IUPAC Nomenclature of Organic Chemistry
More to come within a week, including:
- multiple functional groups
- functional group priority
- cyclic hydrocarbons
- quiz on naming organic molecules
-Cordless, 8th March 2011
Organic chemistry and naming organic molecule is a common part of more high school chemistry classes. Naming organic molecules through the IUPAC (International Union of Pure and Applied Chemistry) system is very straight forward, as long as you follow through some steps and rules! This hub will cover some of the most basic rules around naming organic molecules.
Key to some notation used in this article:
- R: Radical, another part of a molecule
- C: Carbon
- H: Hydrogen
- O: Oxygen
- X: Halogen
- -: Single bond
- =: Double bone
1. Locate and name the hydrocarbon chain
Hydrocarbon chains are chains of carbon atoms with hydrogen's attached. The first step is to identify the longest continuous hydrocarbon chain, as this name will be the base of the organic molecule name.
If all the carbons are connected through single bonds, the hydrocarbon chain is an alkane. If there is a double bond, it is an alkene. If there is a triple bond, it is an alkyne.
Next count the amount of carbons that make up the hydrocarbon chain. Find the corresponding preffix in the following list:
Now replace the 'alk-' with the corresponding numerical prefix.
For example if the hydrocarbon chain is:
- 5 carbons long with only single bonds, it is a pentane
- 3 carbons long with a triple bond, it is a propyne
- 8 carbons long with a double bond, it is a octene
If you have an alkene or alkyne with more than 3 carbons, you have to specify between what carbons the second or triple bond is located. Add a number (X-) before the name, to indicate the first carbon (with the lowest number) that the double/triple bond is located on.
- C - C - C = C, this molecule would be called 1-butene
- C - C - C = C - C - C - C - C, this molecule would be called 3-octene
2. Functional groups
Next you have to identify the functional groups of the organic molecule. Functional groups can be described as smaller tails or chains that hang of the main hydrocarbon chain. Each functional group have their own affix or name which is added to the name of the main hydrocarbon chain.
Alkyl Groups: A smaller hydrocarbon chain that hangs of the main hydrocarbon chain.
Identify the alkyl group and how many carbons are in it. Use the corresponding numerical prefix along with -yl. Final add the name of the main hydrocarbon chain.
If the main hydrocarbon chain has more than 2 carbons, you have to signify on which carbon the alkyl group is located. Simply add a number, then the name of the alkyl group, and the main hydrocarbon chain.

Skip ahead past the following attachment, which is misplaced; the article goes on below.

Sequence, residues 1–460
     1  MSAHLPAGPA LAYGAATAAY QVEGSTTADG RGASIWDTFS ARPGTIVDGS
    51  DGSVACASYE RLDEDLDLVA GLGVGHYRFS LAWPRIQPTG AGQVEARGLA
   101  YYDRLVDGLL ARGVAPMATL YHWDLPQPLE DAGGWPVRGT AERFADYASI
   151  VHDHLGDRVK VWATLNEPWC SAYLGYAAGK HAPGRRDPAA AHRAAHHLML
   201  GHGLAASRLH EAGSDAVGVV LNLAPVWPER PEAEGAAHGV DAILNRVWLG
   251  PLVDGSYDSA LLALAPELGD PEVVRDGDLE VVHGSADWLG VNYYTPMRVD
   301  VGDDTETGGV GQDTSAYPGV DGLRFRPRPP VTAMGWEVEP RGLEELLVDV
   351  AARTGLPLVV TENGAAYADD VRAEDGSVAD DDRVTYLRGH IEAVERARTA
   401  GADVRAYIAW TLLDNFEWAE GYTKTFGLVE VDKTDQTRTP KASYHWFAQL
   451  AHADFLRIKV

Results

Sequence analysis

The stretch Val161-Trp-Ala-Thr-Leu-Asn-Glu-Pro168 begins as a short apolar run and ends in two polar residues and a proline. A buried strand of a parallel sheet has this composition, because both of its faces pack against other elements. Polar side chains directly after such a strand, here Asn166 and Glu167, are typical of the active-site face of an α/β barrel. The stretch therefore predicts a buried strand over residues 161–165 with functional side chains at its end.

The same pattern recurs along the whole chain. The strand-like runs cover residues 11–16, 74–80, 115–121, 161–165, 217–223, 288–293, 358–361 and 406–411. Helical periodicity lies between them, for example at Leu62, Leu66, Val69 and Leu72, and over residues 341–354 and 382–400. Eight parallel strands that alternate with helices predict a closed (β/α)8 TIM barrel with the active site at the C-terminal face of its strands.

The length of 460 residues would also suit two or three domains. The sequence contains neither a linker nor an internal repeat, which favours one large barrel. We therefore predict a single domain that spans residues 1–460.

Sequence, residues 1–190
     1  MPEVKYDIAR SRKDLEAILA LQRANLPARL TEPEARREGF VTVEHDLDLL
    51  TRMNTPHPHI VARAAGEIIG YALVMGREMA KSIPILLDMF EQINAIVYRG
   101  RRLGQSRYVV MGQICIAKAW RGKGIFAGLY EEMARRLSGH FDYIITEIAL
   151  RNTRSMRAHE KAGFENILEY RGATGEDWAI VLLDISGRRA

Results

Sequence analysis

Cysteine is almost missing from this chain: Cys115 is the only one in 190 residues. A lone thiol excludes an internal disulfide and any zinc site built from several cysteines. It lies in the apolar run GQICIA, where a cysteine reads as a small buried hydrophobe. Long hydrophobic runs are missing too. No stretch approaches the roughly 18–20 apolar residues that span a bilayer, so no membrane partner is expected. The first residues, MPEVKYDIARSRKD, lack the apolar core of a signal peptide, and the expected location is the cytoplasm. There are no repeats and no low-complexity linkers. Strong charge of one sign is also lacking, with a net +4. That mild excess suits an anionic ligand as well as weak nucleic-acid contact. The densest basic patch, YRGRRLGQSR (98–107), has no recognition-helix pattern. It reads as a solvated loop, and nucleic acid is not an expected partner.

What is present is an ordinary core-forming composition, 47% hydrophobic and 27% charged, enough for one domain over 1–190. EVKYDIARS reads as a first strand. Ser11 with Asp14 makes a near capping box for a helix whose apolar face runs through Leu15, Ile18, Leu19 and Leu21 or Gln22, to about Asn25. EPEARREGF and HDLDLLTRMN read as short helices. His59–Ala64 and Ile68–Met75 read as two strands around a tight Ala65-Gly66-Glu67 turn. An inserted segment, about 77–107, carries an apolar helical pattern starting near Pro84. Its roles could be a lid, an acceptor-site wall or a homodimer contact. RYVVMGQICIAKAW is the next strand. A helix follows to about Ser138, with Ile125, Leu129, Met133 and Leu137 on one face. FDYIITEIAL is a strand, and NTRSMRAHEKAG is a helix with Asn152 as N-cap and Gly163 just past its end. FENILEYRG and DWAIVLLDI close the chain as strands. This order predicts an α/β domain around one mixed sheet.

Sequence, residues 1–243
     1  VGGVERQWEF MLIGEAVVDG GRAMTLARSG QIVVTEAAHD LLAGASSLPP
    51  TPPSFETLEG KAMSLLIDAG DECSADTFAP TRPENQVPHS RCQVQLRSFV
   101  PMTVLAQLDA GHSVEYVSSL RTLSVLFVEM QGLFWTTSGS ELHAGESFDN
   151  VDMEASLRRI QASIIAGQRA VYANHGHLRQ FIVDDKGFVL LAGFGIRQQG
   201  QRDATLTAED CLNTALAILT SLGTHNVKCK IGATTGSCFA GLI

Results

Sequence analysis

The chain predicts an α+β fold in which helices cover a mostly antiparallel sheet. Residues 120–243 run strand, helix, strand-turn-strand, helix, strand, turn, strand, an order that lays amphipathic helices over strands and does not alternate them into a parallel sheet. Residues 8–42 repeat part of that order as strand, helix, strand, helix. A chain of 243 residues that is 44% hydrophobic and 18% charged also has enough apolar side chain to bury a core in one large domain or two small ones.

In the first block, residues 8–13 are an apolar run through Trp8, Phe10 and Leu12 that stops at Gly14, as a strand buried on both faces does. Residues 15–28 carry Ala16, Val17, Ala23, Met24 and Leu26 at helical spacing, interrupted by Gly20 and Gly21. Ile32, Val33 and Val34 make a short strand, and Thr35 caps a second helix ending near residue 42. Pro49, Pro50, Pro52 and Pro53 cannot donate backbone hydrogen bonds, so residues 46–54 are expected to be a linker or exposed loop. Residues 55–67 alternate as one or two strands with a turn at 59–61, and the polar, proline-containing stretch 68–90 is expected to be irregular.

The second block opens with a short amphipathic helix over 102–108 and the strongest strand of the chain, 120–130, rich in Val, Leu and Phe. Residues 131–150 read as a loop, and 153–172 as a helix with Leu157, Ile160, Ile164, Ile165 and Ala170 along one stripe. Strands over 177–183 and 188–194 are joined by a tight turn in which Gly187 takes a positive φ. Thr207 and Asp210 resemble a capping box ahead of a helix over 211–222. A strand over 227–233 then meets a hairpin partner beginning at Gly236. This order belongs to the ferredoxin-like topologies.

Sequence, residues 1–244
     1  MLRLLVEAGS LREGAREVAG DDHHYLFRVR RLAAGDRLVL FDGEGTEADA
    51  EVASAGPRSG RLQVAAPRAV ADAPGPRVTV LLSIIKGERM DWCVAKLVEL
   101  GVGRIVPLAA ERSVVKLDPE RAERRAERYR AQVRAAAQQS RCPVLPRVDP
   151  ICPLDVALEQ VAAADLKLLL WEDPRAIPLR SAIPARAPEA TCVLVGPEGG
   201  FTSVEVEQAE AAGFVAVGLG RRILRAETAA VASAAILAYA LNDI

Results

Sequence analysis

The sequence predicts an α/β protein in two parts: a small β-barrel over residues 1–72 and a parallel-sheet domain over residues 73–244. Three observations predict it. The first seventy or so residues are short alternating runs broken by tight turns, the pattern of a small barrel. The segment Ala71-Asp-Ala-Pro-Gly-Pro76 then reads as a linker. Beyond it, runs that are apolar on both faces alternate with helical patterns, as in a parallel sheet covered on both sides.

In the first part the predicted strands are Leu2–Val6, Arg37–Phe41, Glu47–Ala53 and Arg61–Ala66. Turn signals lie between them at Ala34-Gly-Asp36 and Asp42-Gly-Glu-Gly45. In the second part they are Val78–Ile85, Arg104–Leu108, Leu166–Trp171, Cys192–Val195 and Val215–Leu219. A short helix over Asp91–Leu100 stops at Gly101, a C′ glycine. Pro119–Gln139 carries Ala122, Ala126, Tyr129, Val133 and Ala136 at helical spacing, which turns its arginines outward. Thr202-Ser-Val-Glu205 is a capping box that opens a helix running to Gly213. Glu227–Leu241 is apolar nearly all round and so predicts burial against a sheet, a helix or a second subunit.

Alcohols: A hydroxide (R - OH) group that hangs of the main hydrocarbon chain.
Simply drop the ending of the main hydrocarbon chain, and add -ol. For main hydrocarbon chains with more than 2 carbons, you have to specify on which carbon the alcohol group is located by adding the number of the carbon.
Carboxylic acids: An acid group: One of the terminal carbons of the main hydrocarbon chain has a hydroxide group, as well as an oxygen bonded to it through a double bond (R - COOH).
As before, identify the main hydrocarbon chain, then drop the ending, and add -oic acid. A carboxylic acid will only be located on the end of a hydrocarbon chain, on a 'terminating carbon'.
Aldehydes and Ketones: A oxygen bonded through a double bond to a carbon (R = O). If it is located on a terminating carbon, it is an aldehyde. If it located on a carbon within the chain, it is a ketone.
To name an aldehyde, drop the end of the main hydrocarbon chain, and add -al.
To name a ketone, drop the end of the main hydrocarbon chain, and add -one. Remember that you can only have a ketone if the main hydrocarbon chain is more than 3 carbons long. If the main hydrocarbon chain has 4 or more carbons, you must specify to which carbon the oxygen is bonded.
Ethers: Ethers are two hydrocarbon chains which are linked together by an oxygen atom (R1- O - R2) .
You should have two chains connected via the oxygen atom. Identify the shorter, drop the ending, and add -oxy. The longer chain is simply named as if it were a common hydrocarbon chain (eg. -ane).
If the oxygen bond connection is not via a terminal carbon, remember to add a number to the name to make it clear to which carbon the oxygen is bonded!
Amines and Amides: Both involve a amine group (R - NH2) attached to a carbon. An amide also has a oxygen double bonded to the same carbon. Amides can only exist on terminal carbons.
To name the amine, identify the main carbon chain, drop the ending, and add -amine. Remember to specify on which carbon the amine group is bond to, should the main hydrocarbon chain contain 3 or more carbons!
To name the amide, identify the main carbon chain, drop the ending, and add -amide.
Esters: The result of 'esterfication' reaction between a carboxylic acid and an alcohol (R1 - COOH - R2).
The alcohol part is named first. This is the chain that is attached via an oxygen, to a carbon that has a oxygen bound through it via a double bond. The carboxylic acid part is the chain which has a carbon that has a double bonded oxygen as well as a oxygen bonded to another chain.
The alcohol part is treated as an alkyl (-yl). The carboxylic acid part is named by dropping the end and adding -oate.
The picture on top of this hub is that of ethyl ethanoate, an ester!
Halides: Hydrocarbon chains with halogens attached to them (- X).
As always, find the longest hydrocarbon chain. Then find which carbon the halogen is bonded to (should the hydrocarbon chain be longer than 3 carbons). Then simply add 'Halogeno-' (e.g. 'Chloro-' or 'Bromo-')